Court Opinions -The End Result of a Lawsuit and Its Docketed Record

Court opinions or legal opinions are the primary source of decisional (case) law. They represent the end result of a very complex process. If we visualize the court as “the place wherein justice is judicially administered” (EHRLICH’S BLACKSTONE, at 465 (1959)), then a court opinion can be described as the final expression of the administered justice.

Justice is administered through a well-defined procedure which is mirrored in court documents. Those court documents are part of the case docket. Because they are filed with the courts, they are open to the public, unless the judge in charge decides otherwise. The docket can be accessed through the court clerk’s office. To the extent that the filings are done through electronic submission, those documents can be accessed electronically, through different databases, including Pacer (restricted to federal courts),, Westlaw and Lexis.

Repositories of Case Dockets

Sometimes researchers need to see the official summary of proceedings taking place in a specific case in a specific court of law. Today, that summary is available from automated docket systems, which represent case tracking systems. Those systems contain information about cases, which can be either pending or decided.

Each case can be identified, inter alia, by its docket number, and the corresponding docket sheet. Each docket sheet further identifies the numerous documents recording each phase of the trial.

The docket sheet and those specific documents can be located from a variety of sources. For example, each courthouse will provide access to the dockets of its current cases, the so-called open cases on line, from their website. Perhaps understandably, the U.S. Supreme Court web site has the best digital docket information.

In addition to individual court house, there are various digital services. For example,Legal Dockets Online will provide access to all freely available dockets, from state and federal cases. If you know the docket number of any case heard at a specific court house, you can get that docket sheet as well, by personally contacting that court’s clerk and then archives.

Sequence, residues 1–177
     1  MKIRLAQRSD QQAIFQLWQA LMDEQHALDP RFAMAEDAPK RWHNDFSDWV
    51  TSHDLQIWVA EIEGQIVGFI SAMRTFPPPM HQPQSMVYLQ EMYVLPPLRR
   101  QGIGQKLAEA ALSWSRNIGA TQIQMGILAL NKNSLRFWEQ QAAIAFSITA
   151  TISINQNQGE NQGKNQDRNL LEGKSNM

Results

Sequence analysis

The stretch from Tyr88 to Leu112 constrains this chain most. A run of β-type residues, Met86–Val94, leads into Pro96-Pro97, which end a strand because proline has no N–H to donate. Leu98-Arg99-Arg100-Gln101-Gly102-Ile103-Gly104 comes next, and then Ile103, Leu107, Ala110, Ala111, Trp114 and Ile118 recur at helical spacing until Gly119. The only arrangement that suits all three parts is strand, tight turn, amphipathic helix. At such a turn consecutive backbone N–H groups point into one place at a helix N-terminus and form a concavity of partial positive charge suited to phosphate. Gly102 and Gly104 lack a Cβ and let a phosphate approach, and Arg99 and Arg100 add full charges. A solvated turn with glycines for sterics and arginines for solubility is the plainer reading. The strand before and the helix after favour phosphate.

As a result of the E-Government Act of 2002PACER was created, and with it, free access to finding federal docket sheets of cases whose party name and court house you know. PACER is the acronym for Public Access to Court Electronic Records — an electronic public access service that allows users to obtain case and docket information from federal appellate, district and bankruptcy courts. While the location of the documents is free-of charge, accessing each document through printing or downloading is not free.

Public.Resource.Org is another digital option for docket information. Their work is incremental, and recently they scanned all the 9th Circuit briefs up until about 1970(information provided by Carl Malamud in January 2012)

BloombergLaw, Westlaw and Lexis all offer docket information which is at times more comprehensive than PACER’s because all three companies offer messenger services which, upon request and for a high fee, can copy any docket-mentioned document upon request. In addition to federal dockets, Bloomberg Law’s docket library also covers state dockets.

Case law

Federal and state case law is available from a variety of print and digital repositories, which are both proprietary and free of charge.

In print, federal case law can be located by using the West reporters. At the trial court level, the set of West reporters which cover some of the cases coming from the U.S. district courts is called The Federal Supplement, and it is abbreviated F.Supp. At the circuit court level, the set of West reporters which cover all appellate cases is calledThe Federal Reporter, and it is abbreviated, F.

Currently, cases from the U.S. Supreme Court are covered in three reporters: an official reporter, which is called The United States Reports, and it is abbreviated, U.S., and two commercial reporters, one published by West, The Supreme Court Reporter(S.Ct.), and one published by Lexis, The Lawyer’s Edition (L.Ed.). Historically, the print repositories of cases were identified by the name of the person who copied down the decision, the court’s reporter. For example, the first U.S. Supreme Court reporters were called Cranch, Dallas, or Peters etc., after the name of the person who reported the decisions. For instance, Richard Peters reported all decisions contained in volume 7 Peters, or 32 U.S.

The most popular free-of-charge digital repository is Google Scholar, whose opinions are drawn from a series of sources, including Cornell’s LIIPublic.Resource.Org and Justia(see,‐scholar‐posts‐cases‐.html), and a company whose name Google Scholar employees refuse to name, but most likely is the now defunct, AltLaw.

Google Scholar started including case law in 2009 — see,, although Google Scholar remains cryptic about its source of case law (hear 2009 conversation with Google Scholar on this topic

Reassuringly, Google Scholar also uses official sources, as Gail Warren of the Virginia State Law Library, recently recalled that the Virginia State court administrator’s office prepared CD-ROMS for Google Scholar which included the cases corresponding to Virginia Reports, volume 141 through volume 219.

In addition to the repositories mentioned above, each court house will publish its most recent cases on line, in a manner hard to use unless you know the date, or the party name, or the docket number. The U.S. Supreme Court’s site remains an example of digital case law archive, though not of digital ease-of-access.

The three mega aggregates: Westlaw, Lexis and Bloomberg, remain the most popular repositories with those who can afford them, while alternative digital repositories, such as FastCase, Versuslaw, etc, mostly provided by state bar associations continue to be used by practitioners as well.